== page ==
[Lone Sentry: The Development of German Defensive Tactics in Cyrenaica, WW2 War Department Publication]
[Lone Sentry: Photos, Articles, and Research on the European Theater in World War II]
Home Page | Site Map | What's New | Contact: info@lonesentry.com

The Development of German Defensive Tactics in Cyrenaica—1941
Military Intelligence Service, Special Series No. 5, October 16, 1942
[DISCLAIMER: The following text is taken from the wartime U.S. War Department publication. As with all wartime intelligence information, data may be incomplete or inaccurate. No attempt has been made to update or correct the text. Any views or opinions expressed do not necessarily represent those of the website.]



The defending forces were as follows: one company on the coastal plain behind a mine field, one Italian company facing east on the edge of the plateau, and one company facing to the south and west of the Italian company. Four 88-mm antiaircraft guns were sited in the front line covering the open right flank. The eight Italian gun-howitzers were distributed between the front line and the interval between Halfaya and Qalala, and the battalion held a company in reserve.

The main attack by the British tanks on the open right flank was stopped by the 88-mm guns after fire had been taken up by the 20-mm guns and all other weapons at 440 yards. When the attack had been broken, a patrol was sent out to establish the position of the British infantry, which was then pinned down by Axis artillery. There was a counterattack by the battalion reserve in which 67 prisoners and important codes and maps were captured. A second attack by the British followed in which the Axis held fire until the infantry was within 440 yards, then opened with 20-mm antiaircraft guns. The British plan to attack by the coast was foreseen and one 88-mm gun was placed there.

Two more infantry attacks on the second day (June 16) were stopped short by an artillery barrage, accompanied by 20-mm and infantry fire. During the morning, German airplanes bombed their own artillery and antiaircraft positions, and in the afternoon the ammunition situation became critical—the artillery reporting that only 600 shells remained and that antiaircraft ammunition was running short. Bach was worried about food and water. A message from the German Afrika Korps was dropped by air at 2000 hours: "All depends on holding Halfaya." He answered: "All depends on your sending us ammunition and food." As time had not permitted him to reconnoiter positions, he did not obey Knabe's order to clear the shore and concentrate on the pass. The next day aircraft dropped ammunition for small arms and 20-mm guns. The British retreat began, harassed by artillery, antiaircraft, and heavy machine-gun fire from Halfaya, and in the evening the position was relieved.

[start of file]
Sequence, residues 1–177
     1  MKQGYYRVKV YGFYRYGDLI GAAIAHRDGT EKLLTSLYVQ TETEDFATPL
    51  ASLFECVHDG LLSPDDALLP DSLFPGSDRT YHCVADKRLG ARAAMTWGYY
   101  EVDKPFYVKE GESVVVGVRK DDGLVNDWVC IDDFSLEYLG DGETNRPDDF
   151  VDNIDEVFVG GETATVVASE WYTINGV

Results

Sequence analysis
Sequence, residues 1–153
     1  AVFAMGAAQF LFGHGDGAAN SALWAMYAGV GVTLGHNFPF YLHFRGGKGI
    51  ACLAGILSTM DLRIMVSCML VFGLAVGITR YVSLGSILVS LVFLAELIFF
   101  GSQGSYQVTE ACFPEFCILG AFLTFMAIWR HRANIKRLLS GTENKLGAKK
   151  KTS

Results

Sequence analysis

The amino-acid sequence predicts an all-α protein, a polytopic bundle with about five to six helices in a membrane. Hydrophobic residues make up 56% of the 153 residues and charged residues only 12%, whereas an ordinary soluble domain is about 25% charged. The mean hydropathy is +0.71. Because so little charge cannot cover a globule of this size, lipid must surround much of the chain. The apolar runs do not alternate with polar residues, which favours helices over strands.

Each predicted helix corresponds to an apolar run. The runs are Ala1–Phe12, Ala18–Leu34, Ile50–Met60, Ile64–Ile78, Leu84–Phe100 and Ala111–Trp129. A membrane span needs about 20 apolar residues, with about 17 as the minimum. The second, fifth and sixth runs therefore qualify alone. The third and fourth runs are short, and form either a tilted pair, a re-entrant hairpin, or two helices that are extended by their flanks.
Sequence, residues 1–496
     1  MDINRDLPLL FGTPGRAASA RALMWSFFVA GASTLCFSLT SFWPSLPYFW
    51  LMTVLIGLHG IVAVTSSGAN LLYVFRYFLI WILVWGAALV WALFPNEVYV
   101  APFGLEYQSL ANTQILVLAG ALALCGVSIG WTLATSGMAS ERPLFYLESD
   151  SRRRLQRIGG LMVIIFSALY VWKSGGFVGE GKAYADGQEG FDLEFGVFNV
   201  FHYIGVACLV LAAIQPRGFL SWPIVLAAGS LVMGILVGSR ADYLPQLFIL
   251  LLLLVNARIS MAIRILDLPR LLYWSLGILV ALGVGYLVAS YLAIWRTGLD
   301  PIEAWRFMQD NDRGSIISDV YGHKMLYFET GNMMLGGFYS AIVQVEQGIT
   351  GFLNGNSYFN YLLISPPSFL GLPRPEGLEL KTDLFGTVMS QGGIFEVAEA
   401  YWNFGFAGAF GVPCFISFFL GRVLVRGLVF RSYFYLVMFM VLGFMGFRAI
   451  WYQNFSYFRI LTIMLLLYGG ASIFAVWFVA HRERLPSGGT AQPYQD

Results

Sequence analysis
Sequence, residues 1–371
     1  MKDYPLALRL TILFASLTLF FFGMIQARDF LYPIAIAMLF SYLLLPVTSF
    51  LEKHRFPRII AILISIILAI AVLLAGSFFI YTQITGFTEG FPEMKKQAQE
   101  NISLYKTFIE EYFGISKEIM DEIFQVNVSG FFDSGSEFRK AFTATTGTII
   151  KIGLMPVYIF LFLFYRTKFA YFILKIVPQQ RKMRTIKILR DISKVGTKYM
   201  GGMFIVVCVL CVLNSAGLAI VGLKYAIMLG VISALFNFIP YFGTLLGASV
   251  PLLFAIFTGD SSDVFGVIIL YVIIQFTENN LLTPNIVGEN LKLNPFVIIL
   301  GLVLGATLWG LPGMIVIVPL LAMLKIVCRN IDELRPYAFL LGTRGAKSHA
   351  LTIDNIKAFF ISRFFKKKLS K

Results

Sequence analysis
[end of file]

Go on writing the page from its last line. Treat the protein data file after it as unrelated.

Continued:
In the course of the action at Halfaya 20 British tanks and 8 armored cars were destroyed, and 98 prisoners were taken. Losses were small—8 killed and 32 wounded (excluding antiaircraft and antitank personnel). The Iron Cross, Class I, was awarded to Bach.

The report of the 1st Battalion of the 33d Antiaircraft Regiment indicated that this unit played an important role in the victory. Its guns opened up on the tanks at 2,200 yards at 0500, knocking out one cruiser tank; then they held fire until the opposing tank force approached to within 330 yards, where dust did not obscure the targets, and bagged nine infantry tanks. After this the entire battalion fired high-explosive shell into the infantry, forcing it to take cover. The 88-mm guns on the coast knocked out three infantry tanks. On the second day the 20-mm guns were pushed forward to eliminate machine-gun nests and an OP at 1,650 yards, while the coastal gun was used to scatter concentrations of motor transport and an infantry battalion. The antiaircraft guns thus eliminated 14 of the 20 attacking tanks, and doomed the British attack to failure.

[Back to Table of Contents, WWII German Tactical Doctrine] Back to Table of Contents